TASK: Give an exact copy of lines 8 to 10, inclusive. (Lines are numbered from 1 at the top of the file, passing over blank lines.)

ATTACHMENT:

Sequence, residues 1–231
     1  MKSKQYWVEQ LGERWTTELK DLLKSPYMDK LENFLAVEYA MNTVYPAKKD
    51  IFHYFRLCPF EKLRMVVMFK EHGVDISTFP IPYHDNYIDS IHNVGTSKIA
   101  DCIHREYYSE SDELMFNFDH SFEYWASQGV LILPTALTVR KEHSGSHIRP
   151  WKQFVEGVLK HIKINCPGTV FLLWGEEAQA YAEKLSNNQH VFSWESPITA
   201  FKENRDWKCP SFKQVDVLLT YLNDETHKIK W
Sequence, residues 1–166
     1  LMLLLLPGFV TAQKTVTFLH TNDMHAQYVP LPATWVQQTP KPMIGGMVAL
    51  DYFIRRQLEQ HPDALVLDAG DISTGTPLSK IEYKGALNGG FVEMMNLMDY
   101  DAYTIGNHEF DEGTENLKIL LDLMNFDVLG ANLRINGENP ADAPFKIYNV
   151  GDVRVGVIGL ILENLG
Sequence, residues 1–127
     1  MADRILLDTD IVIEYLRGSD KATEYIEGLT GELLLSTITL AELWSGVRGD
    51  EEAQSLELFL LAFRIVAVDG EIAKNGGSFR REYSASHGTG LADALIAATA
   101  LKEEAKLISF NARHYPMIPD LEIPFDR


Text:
     1  LMLLLLPGFV TAQKTVTFLH TNDMHAQYVP LPATWVQQTP KPMIGGMVAL
    51  DYFIRRQLEQ HPDALVLDAG DISTGTPLSK IEYKGALNGG FVEMMNLMDY
   101  DAYTIGNHEF DEGTENLKIL LDLMNFDVLG ANLRINGENP ADAPFKIYNV